I've received several questions on twitter about this. There are a variety of ways to do it, depending on available materials…
(1) Filter attached directly to the mask
The simplest way to achieve this is to attach the filter directly to the mask, as shown below.
This should work well – provided that the filter and mask are adaptable to one another.
This staved off some intubations for us and saved us time to preoxygenate for those needing it. Bipap mask -> viral filter -> etco2 tubing -> BVM bag -> PEEP valve on expiration port -> wall O2. #medtwitter pic.twitter.com/4Wz7S0eM5g
— Michelle Romeo, MD (@doctormromeo) April 1, 2020
(2) Two-limb closed system with a full-featured mechanical ventilator
This involves attaching the BiPAP mask to a traditional mechanical ventilator (with both inflow and outflow tubing). Filters are placed on both the inflow and outflow limbs, generating a completely closed system.
The advantage is that this generates a 100% closed system (assuming no mask leak, of course).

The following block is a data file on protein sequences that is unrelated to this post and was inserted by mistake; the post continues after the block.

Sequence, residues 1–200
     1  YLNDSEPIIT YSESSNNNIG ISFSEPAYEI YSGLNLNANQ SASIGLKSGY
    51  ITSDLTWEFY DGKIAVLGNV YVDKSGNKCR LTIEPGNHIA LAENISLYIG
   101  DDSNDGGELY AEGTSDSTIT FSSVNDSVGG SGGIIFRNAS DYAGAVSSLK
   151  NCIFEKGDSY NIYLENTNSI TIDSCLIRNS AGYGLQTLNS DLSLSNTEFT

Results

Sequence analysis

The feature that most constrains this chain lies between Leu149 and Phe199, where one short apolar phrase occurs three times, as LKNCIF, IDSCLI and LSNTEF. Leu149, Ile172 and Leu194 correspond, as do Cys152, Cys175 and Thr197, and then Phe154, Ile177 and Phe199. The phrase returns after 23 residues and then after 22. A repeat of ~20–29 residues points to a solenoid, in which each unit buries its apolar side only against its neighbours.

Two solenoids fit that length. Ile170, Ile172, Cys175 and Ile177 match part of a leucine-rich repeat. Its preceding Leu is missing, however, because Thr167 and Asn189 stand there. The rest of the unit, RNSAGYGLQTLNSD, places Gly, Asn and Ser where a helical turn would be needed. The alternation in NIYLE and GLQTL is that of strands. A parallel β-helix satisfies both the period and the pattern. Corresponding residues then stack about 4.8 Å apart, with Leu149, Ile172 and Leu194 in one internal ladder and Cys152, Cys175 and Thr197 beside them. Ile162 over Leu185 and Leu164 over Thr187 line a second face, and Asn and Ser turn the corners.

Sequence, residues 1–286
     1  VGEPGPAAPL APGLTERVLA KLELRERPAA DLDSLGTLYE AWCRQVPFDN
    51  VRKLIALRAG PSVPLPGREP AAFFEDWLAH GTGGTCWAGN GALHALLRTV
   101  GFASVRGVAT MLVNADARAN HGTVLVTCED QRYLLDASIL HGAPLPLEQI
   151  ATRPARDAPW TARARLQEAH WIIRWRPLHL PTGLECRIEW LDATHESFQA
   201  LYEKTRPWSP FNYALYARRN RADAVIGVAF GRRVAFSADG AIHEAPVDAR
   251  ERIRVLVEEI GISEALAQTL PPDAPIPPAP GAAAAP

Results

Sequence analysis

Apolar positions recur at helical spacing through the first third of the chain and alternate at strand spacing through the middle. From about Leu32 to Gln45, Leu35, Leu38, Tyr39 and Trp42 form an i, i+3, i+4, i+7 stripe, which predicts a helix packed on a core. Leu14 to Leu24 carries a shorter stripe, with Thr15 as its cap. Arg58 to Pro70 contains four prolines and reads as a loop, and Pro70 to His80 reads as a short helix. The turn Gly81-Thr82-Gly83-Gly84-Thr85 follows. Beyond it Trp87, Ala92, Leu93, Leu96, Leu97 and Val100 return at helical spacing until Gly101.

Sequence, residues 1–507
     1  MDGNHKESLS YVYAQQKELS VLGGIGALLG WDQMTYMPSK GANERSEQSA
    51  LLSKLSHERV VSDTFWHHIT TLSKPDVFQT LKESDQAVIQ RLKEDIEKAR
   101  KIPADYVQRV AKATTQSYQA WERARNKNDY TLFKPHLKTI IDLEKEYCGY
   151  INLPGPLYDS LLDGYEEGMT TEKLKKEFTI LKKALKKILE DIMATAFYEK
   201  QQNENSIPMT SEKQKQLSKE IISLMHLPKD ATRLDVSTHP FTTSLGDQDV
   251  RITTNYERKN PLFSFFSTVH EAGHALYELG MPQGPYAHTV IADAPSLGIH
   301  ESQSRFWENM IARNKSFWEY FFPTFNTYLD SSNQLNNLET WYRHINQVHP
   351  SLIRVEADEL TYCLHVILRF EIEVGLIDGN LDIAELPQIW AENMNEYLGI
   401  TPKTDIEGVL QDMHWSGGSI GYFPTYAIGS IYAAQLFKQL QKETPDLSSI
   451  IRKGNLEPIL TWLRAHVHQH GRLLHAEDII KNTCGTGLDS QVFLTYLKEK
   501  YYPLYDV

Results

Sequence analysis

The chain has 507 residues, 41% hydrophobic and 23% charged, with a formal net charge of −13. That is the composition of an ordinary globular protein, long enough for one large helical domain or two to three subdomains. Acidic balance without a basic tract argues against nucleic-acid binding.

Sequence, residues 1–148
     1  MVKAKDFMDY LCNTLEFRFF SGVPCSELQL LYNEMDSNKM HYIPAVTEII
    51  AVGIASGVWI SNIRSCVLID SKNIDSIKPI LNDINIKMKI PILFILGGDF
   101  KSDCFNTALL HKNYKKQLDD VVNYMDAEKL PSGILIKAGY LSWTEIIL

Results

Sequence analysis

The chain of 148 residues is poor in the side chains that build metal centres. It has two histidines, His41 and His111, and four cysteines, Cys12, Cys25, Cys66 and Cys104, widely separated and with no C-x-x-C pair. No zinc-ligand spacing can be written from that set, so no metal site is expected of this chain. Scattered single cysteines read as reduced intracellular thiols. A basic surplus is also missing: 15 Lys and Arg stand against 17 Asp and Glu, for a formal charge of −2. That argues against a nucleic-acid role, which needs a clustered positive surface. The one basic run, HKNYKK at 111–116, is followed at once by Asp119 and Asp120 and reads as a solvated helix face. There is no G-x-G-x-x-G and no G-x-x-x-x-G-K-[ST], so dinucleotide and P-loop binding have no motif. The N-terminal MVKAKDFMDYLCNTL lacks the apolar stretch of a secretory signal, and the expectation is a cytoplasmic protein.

The disadvantage of this approach is that it involves using a full-featured mechanical ventilator to perform CPAP or BiPAP. Since the ventilator isn't designed for this purpose, it may have inferior leak compensation and trigger sensitivity, when compared to a dedicated BiPAP unit (e.g. a Respironics V60 units).
(3) One-limb system with a specialized noninvasive machine (e.g. Respironics V60)
This involves the following:
- BiPAP mask is connected to a specialized noninvasive machine.
- One viral filter is attached to the inflow limb.
- A second viral filter is attached to the exhaust port, as shown below:
Here's a similar setup (image from tweet by Armstrong Medical).
- A dedicated noninvasive machine (e.g. Respironics V60) may have superior triggering capacity and leak compensation, compared to a traditional mechanical ventilator.
- Using a V60 for non-intubated patients will free up a full-featured ventilators for use with intubated patients.
- Some BiPAP devices do have a built-in one-way valve (example below). This is designed to allow air into the tubing if there is negative pressure. This valve is intended to prevent the patient from asphyxiating in the event of catastrophic device failure (e.g. if the BiPAP machine stopped functioning or the tubing became occluded).
- So this isn't a 100% closed system. However, as long as the BiPAP machine is working, there should be positive pressure within the tubing – so this one-way valve should remain closed.
And make sure you're using the right filters!
- Not everything that looks like a viral filter is a viral filter (heat and moister exchangers shouldn't be confused with viral filters).